Growing up in a Buddhist household and attending a Buddhist School, my belief system has strong foundations in the teachings of the Buddha. But there were two concepts that I always struggled to understand. The first concept was the fact that we had no soul or were “Anatma” according to the Pali word. To me it seemed contradictory to the premise of rebirth if there was no component that carried on through each lifetime. Now however with my expanded awareness of our interconnectedness, I think I finally understand what the Buddha meant by being Soulless. There is no permanent part of ourselves that endures through time because of two reasons.
First, everything is impermanent. So when we die in one lifetime, it is not the “us” that was physically, mentally and spiritually on this earth that becomes reborn in a different body. The energy that is “us” disconnects from the physical body at death, but when it merges back into the cosmic energy or the Field as Lynne McTaggart defined it, it carries with it all the learnings it gleaned from that lifetime. So it is not the same “us” that carries through into future lifetimes.
Secondly, there is no “us” or separate beings. We are all one. That is why we are soulless because to have a soul would mean we are separate. We are one cosmic consciousness and manifestation in human form is an illusion that leads us to cling to worldly beliefs such as the existence of “I”.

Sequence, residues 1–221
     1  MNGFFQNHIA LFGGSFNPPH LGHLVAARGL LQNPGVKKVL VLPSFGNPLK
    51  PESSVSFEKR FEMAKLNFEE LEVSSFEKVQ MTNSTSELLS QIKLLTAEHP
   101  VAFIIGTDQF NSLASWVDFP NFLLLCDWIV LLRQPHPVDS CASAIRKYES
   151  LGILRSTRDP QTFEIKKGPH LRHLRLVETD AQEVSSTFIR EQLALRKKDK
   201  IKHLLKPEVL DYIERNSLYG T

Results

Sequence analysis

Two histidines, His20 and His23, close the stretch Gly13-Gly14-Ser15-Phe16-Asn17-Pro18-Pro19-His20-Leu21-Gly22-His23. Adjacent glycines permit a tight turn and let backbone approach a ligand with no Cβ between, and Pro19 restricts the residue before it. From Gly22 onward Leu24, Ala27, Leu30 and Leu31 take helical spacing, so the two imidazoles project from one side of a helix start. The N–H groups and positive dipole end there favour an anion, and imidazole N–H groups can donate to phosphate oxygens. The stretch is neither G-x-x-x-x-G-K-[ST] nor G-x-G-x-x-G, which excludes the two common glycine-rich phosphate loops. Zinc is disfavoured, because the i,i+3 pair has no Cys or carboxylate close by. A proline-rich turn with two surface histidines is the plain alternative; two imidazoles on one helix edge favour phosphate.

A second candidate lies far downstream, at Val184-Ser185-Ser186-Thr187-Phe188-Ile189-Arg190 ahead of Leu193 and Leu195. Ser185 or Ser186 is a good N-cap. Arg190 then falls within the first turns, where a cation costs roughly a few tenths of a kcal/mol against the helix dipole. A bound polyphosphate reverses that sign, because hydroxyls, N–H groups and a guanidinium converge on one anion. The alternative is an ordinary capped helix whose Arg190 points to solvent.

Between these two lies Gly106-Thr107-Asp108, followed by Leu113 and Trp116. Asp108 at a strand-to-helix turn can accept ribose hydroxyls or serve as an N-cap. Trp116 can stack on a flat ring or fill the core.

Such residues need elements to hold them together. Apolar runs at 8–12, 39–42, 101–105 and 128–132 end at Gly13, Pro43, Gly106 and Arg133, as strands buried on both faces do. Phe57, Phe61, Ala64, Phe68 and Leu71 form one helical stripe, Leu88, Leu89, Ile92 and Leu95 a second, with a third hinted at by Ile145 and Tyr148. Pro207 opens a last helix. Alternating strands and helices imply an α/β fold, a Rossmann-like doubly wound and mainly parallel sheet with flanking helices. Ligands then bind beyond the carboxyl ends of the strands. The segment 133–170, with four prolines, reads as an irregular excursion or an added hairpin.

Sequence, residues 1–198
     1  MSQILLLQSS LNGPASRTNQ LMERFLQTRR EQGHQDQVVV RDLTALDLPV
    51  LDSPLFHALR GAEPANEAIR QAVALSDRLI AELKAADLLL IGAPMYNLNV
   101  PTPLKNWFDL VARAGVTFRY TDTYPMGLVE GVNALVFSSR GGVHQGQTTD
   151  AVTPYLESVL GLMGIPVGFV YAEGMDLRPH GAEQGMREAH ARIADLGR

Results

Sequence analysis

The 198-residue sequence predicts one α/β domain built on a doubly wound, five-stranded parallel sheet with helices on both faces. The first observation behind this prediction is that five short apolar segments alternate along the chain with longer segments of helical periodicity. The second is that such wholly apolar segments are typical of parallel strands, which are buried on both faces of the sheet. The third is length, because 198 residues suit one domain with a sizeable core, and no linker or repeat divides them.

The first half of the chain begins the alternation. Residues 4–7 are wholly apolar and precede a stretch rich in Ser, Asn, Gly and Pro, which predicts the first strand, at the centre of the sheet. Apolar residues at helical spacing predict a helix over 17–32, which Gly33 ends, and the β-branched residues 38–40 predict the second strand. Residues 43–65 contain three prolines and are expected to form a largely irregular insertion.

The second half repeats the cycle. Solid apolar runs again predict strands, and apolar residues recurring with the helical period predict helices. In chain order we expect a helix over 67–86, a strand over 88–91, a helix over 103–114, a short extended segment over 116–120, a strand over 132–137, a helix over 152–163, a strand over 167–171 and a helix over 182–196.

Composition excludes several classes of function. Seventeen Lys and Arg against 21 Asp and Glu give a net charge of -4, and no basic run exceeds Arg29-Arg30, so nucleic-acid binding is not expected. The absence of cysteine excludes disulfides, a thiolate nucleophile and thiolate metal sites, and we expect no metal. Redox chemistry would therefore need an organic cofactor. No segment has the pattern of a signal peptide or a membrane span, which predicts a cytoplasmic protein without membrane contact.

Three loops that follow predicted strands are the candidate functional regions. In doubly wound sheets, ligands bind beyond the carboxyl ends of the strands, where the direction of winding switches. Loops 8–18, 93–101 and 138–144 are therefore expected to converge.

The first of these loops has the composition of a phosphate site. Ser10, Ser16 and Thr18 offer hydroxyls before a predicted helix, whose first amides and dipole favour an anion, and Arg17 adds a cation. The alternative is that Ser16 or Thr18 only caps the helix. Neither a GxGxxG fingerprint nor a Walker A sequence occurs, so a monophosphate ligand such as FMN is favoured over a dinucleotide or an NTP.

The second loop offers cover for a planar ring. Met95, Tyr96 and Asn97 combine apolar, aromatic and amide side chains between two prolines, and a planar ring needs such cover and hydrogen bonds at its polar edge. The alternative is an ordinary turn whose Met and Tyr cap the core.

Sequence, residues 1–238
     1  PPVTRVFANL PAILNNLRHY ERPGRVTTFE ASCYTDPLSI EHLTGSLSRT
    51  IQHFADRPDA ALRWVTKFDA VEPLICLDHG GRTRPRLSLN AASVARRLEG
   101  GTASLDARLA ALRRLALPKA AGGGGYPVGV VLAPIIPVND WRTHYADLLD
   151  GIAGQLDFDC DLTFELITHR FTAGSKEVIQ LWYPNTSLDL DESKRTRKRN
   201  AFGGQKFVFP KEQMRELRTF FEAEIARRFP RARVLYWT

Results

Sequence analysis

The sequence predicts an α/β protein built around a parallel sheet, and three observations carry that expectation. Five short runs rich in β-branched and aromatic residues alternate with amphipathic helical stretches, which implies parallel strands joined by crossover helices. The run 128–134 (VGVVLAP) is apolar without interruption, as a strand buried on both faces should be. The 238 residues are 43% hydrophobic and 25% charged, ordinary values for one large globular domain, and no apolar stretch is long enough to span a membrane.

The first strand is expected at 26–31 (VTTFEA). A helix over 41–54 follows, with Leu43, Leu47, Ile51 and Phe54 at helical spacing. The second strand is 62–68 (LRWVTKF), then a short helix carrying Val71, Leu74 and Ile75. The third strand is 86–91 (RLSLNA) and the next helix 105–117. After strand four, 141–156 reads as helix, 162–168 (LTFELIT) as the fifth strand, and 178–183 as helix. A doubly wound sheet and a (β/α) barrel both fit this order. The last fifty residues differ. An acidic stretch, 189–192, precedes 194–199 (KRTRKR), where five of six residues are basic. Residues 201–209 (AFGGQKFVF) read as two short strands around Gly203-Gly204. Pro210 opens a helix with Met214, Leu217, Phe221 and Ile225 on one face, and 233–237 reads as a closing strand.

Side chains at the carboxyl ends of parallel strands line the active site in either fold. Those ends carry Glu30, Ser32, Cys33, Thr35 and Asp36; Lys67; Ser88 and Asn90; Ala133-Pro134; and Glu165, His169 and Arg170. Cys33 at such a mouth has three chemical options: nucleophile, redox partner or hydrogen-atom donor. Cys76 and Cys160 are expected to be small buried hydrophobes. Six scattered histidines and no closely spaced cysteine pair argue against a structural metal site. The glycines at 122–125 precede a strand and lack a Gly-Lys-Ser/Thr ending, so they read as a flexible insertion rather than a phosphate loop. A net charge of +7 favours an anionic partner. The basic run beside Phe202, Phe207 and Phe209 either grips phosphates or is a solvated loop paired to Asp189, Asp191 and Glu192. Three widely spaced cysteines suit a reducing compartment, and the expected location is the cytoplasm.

The second concept of Buddhism that is finally starting to make sense is of the form of suffering known to man, called “Piyehi vippa yoga” in Pali or “Separation from the Beloved or Loved Ones” in English. In the past, I thought this to mean the parting from loved ones such as family or a spouse and associated it with heartbreak. The Buddha teaches that following the Nobel Eightfold Path or the Middle Way eliminates this form of suffering. And now I realise that particular form of suffering disappears when one realises that there is no parting, ever. If we are all one, then we cannot separate. That brings us back to the understanding that separateness is indeed an illusion.
These understandings exist side by side in my mind with the agony experienced through separating from another human being. I feel pain somewhere in the region of my heart and sometimes it is difficult to breath. That tells me I am yet to be enlightened, however, I am starting to see beyond what I have always seen and that can only be a good thing.